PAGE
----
Four of the Coast Guard families whose stories are being shared are stationed in Kodiak.
Petty Officer 3rd Class Kimble Petersen, an aviation survival technician stationed at Air Station Kodiak, reflected on his interpretation of the Alaska way, pitching in whenever needed and filling a critical role.
“Since we cover such a large area of responsibility in Alaska and because people in Alaska are very adventurous, they often get stuck in some crazy situations,” Petersen said. “So, when something goes wrong, it REALLY goes wrong.”
When his unit arrives on scene for a rescue, it’s either a serious or “life or death” situation.
“If we weren’t there, the outcome would be very different for those individuals,” Kimble said. “It makes all the hard work worth it knowing we made a difference.”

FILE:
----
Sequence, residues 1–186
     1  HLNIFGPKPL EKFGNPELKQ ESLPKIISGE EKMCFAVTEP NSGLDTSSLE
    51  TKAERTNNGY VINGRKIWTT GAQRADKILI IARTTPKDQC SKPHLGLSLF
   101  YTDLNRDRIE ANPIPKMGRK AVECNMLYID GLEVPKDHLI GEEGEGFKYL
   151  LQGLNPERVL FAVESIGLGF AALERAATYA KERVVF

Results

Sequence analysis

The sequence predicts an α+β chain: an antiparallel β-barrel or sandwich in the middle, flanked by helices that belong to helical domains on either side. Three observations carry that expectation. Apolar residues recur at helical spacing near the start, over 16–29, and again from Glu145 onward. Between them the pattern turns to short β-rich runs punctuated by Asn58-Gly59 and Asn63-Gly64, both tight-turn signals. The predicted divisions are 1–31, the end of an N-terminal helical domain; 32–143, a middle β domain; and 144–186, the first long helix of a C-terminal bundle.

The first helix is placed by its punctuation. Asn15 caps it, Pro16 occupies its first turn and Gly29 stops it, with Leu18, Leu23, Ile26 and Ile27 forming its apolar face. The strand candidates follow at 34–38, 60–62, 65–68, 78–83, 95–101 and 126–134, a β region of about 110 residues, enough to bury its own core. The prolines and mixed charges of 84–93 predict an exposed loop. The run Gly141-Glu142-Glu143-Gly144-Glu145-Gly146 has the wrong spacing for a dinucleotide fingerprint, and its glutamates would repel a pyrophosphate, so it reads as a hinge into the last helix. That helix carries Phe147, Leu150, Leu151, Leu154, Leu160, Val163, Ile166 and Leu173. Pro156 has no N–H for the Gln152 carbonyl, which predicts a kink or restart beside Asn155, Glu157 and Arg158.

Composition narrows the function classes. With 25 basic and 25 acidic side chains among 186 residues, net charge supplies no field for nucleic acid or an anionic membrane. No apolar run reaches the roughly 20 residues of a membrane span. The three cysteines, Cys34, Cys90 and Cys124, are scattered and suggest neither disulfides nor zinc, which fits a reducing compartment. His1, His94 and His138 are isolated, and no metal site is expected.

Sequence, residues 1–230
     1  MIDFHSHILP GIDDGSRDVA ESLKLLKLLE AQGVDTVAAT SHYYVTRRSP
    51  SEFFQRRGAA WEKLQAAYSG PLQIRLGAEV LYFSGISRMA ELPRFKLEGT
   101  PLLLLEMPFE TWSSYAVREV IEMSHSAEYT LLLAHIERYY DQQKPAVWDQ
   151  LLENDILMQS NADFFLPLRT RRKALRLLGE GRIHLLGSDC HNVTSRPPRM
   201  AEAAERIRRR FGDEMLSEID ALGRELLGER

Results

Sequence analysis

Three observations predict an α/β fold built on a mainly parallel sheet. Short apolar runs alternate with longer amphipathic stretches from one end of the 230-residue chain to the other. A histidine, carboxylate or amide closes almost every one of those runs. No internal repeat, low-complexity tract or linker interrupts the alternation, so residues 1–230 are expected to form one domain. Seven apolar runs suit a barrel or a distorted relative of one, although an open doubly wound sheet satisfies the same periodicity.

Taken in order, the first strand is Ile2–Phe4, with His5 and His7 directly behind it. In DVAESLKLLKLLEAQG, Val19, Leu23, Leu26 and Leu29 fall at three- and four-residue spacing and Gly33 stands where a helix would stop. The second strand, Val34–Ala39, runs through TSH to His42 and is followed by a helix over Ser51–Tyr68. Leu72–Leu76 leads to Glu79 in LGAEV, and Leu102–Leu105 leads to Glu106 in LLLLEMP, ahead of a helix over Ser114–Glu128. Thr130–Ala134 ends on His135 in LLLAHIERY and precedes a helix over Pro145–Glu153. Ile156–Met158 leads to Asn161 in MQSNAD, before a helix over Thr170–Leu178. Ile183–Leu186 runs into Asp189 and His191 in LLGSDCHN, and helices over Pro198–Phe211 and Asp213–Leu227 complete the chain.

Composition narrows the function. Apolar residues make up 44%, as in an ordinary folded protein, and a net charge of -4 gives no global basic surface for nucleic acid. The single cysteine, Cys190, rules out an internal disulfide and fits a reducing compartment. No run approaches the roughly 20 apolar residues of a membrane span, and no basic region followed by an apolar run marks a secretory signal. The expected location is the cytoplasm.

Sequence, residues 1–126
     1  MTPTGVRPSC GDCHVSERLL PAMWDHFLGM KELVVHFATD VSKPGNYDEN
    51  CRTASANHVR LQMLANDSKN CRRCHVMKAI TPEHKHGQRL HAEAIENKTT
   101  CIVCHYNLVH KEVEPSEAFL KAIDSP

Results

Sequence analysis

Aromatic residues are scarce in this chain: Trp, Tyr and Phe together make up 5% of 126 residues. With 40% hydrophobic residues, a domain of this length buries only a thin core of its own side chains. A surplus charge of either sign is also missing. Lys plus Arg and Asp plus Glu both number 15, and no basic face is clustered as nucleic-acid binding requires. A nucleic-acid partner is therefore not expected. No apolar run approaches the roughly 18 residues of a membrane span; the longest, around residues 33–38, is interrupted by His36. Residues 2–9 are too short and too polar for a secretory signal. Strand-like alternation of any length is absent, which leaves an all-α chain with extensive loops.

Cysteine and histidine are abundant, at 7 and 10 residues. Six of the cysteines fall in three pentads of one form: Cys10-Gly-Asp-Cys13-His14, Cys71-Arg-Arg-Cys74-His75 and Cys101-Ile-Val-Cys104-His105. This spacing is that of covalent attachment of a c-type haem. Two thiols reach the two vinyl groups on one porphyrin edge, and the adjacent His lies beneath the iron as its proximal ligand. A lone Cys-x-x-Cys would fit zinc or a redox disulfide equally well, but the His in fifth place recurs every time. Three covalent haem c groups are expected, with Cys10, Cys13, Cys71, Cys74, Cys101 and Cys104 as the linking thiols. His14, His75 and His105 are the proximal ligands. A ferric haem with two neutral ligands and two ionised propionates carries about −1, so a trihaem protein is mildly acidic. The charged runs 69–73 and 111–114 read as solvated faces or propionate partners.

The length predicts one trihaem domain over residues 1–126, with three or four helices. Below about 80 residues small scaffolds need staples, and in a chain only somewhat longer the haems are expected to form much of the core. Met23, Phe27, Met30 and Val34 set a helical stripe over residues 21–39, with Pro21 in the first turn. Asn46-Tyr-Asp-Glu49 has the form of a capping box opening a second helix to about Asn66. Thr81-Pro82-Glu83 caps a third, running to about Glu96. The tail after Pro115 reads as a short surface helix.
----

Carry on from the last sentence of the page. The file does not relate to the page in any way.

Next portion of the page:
Petersen joined the Coast Guard in 2019 after a year of college, and was assigned to US Air Station Kodiak following rescue swimmer training school, or A-school.
“I decided to look for a career that would let me keep swimming and keep my physical fitness up as part of my job,” Petersen said. “So, when I saw rescue swimmer it seemed perfect. I could use my swimming ability to save people.”
Petersen selected Kodiak as his duty station after completing his training and hearing good things about it.
“I just heard it was a big station where I could get lots of experience and beautiful flying, and so far that’s all been true,” he said. He said he has come to see Kodiak as a unique place with many places to explore.
“You can hike to the tops of mountains, have a campfire at the beach, go hunting and fishing,” Petersen said. “If you’re an outdoorsy person, Kodiak is the perfect playground to do all of that.”